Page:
Sharing Prosperity in Philadelphia
By Lily Jamaludin
The 2008 Great Recession hit Philadelphia much harder than many other places in the country, exacerbating already-increasing poverty and unemployment rates. Since then, the city's recovery has been much slower than elsewhere. In fact, poverty in Philadelphia is the highest among the nation's ten largest cities, and the city has a stunning 28% poverty rate, 13 points higher than the national average. While some parts of the city are thriving and bustling, others remain mired in poverty, violence, and failing infrastructure.
It is timely, then, that Mayor Michael Nutter's administration released a plan over the summer to combat poverty in Philadelphia. The report, entitled "Shared Prosperity Philadelphia," emerges from the Mayor's Office of Community Empowerment and Opportunity (CEO). The initiative was led by CEO Executive Director Eva Gladstein, in consultation with antipoverty experts in the city. The New York Times featured "Shared Prosperity" in an article over Labor Day weekend.
The report recognized the stark realities that Philadelphia faces: two out of five children live below the poverty line; by 2030, nearly 39% of Philadelphia's population will not have the skills to compete in a global economy; and the unemployment rate in the city for 2012 was 133% of the national average.
"In Harrisburg, the Pennsylvania government eliminated benefits like General Assistance. The disabled, individuals recovering from addiction, victims of domestic violence, and other vulnerable people were left without any source of income," the report stated.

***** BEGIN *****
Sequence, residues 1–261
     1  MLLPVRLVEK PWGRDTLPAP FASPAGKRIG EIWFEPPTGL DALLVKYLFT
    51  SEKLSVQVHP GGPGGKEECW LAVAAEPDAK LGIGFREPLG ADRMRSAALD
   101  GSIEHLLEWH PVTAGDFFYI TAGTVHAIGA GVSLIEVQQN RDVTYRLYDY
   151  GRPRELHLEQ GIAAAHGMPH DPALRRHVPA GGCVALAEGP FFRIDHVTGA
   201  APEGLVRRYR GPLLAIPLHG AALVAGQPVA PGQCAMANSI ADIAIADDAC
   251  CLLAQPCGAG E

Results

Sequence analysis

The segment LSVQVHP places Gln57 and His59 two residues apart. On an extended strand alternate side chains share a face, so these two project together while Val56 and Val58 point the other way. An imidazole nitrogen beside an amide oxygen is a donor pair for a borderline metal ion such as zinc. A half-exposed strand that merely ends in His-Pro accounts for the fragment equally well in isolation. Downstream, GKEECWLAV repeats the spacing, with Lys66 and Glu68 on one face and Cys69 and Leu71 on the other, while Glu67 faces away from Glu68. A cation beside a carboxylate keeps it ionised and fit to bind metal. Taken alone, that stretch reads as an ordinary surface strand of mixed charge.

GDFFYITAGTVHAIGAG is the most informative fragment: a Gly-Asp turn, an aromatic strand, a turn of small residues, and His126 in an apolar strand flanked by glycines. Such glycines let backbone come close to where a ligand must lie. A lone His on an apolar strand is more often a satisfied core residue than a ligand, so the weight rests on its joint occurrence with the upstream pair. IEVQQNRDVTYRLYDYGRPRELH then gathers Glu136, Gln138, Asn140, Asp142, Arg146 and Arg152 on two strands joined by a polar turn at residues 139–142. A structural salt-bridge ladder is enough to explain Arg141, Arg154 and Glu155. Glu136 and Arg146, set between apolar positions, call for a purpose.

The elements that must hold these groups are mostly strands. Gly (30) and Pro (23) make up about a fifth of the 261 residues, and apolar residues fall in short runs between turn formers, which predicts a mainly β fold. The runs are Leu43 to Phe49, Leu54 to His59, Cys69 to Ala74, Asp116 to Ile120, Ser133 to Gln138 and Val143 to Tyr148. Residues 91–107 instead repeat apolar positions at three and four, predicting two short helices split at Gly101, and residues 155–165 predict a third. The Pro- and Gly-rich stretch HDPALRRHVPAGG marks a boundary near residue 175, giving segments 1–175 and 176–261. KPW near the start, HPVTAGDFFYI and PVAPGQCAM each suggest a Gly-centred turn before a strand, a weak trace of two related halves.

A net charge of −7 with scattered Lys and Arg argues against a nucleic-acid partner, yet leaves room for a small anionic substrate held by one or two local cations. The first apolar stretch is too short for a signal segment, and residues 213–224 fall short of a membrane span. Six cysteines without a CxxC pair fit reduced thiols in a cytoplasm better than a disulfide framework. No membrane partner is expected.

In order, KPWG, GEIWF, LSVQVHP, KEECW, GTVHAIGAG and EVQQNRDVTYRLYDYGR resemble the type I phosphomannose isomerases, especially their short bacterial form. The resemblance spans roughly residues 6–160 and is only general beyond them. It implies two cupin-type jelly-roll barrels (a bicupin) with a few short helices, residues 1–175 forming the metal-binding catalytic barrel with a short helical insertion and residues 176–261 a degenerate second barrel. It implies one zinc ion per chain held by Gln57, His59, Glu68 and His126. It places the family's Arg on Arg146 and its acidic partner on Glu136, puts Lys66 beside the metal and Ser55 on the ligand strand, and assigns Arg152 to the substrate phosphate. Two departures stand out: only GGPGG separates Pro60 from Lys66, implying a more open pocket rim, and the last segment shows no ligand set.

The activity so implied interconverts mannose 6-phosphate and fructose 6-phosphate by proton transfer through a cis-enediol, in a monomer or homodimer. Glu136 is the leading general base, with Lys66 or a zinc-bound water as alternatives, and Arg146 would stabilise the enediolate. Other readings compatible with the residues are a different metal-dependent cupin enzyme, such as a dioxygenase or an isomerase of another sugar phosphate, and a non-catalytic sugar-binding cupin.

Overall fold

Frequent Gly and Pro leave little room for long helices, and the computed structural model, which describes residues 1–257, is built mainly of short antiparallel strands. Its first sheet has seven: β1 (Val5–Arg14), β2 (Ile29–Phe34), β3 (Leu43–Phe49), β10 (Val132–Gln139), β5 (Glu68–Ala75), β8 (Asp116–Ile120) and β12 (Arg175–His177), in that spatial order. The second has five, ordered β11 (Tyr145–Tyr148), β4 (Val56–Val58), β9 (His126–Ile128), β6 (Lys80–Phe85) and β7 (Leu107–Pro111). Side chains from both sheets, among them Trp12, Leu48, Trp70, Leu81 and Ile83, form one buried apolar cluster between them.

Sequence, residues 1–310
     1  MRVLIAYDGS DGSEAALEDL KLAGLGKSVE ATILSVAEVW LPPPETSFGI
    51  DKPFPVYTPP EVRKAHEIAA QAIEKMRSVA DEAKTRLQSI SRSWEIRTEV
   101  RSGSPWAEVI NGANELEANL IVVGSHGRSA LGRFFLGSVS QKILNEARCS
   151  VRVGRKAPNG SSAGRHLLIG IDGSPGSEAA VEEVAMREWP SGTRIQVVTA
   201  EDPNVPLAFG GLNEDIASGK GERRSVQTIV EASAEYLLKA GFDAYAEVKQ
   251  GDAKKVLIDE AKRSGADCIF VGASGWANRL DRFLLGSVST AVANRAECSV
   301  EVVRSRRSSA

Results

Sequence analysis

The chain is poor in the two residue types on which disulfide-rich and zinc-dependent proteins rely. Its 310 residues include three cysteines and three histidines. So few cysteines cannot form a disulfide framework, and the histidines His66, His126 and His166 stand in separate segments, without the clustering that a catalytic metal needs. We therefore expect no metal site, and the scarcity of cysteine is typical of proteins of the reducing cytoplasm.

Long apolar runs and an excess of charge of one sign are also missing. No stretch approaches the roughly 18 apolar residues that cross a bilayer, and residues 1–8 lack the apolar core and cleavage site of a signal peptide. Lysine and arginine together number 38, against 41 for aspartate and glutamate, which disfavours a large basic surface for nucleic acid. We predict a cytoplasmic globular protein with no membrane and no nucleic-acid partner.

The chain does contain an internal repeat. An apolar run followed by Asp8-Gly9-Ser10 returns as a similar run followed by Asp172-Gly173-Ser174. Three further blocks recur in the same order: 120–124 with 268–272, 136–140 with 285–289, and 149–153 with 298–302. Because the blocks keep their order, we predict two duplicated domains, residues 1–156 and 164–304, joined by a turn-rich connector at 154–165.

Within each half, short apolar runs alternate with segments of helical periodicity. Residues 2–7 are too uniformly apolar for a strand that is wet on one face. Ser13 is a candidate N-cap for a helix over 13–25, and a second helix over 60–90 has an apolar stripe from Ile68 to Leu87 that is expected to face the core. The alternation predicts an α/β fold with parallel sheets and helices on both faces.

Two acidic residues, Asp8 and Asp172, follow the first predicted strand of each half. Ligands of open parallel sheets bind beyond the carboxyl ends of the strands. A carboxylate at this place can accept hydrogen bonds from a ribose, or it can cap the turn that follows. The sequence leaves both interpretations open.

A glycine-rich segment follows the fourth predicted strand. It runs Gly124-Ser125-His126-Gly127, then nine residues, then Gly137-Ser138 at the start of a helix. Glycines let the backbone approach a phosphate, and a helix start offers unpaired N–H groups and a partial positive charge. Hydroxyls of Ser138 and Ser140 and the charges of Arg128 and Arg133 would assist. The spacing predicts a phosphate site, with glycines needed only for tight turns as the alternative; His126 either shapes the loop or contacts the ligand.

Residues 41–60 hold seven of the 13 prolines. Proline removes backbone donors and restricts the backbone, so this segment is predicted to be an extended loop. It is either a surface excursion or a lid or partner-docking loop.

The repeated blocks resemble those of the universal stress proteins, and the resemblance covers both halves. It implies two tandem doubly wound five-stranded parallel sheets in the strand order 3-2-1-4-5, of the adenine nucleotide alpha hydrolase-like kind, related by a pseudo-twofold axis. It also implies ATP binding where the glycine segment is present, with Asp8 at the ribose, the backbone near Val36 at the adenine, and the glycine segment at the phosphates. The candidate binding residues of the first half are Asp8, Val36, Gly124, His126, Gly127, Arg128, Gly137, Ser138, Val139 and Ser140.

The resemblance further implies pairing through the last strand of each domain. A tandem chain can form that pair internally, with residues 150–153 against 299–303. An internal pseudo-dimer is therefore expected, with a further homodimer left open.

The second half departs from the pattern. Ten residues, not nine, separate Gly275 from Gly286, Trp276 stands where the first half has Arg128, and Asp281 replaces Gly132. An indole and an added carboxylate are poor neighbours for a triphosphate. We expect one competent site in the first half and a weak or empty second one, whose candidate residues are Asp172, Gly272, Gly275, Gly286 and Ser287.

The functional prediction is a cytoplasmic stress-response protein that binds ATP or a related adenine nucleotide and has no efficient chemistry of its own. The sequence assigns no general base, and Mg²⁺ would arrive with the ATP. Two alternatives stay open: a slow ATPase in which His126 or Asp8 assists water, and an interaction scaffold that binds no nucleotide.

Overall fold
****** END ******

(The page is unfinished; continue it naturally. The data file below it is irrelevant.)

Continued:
"Shared Prosperity" has set five strategic goal areas with specific metrics:
- Focus workforce development and job creation efforts on adults with the greatest barriers to employment
- Expand access to public benefits and essential services
- Ensure children enter school prepared to learn and expand opportunities for year-round learning
- Increase housing security and affordability
- Strengthen economic security and asset-building
A key component of the plan is to combat poverty by utilizing collective impact and engaging cross-sector stakeholders: city departments, nonprofit and business sector partners, community leaders, and the broader public.
While the goal of combating poverty may seem overwhelming and perhaps unachievable to some, Philadelphia's track record with addressing obesity may provide more optimism. The city's concerted efforts to reduce childhood obesity allowed it to become the only city that has documented a decrease of obesity among children of color who are at greatest risk of being severely overweight.
Other cities, too, have been effective in tackling poverty through similar broad-based initiatives. New York City's Center for Economic Opportunity, for example, was established seven years ago to combat urban poverty. Since then, the Center has collaborated with almost 30 city agencies to set up more than 50 programs and policy initiatives in asset development, workforce training and job creation, and education. In one example of its success, the City University of New York Accelerated Study in Associate Programs doubled its graduation rate among students in its program, nearly tripled its two-year graduation rate, and watched 75 percent of its graduates go on to four-year colleges. The Center for Economic Opportunity has also developed an alternative measure of poverty.
Poverty is a complex issue that requires a complex response. Philadelphia is courageously stepping up and embracing the challenge of bringing prosperity to its citizens who are eager for a level playing field as they strive towards economic security. Other cities -- Hartford, Connecticut and Richmond, Virginia -- have also developed strong poverty task forces. . CLASP was privileged to convene the Mayors of those cities for an audiocall to discuss their positive results. Here's a transcript of the call, along with an archived recording of it.
Hats off to Philadelphia as the city embarks on this great effort to share the prosperity. We will eagerly follow your progress.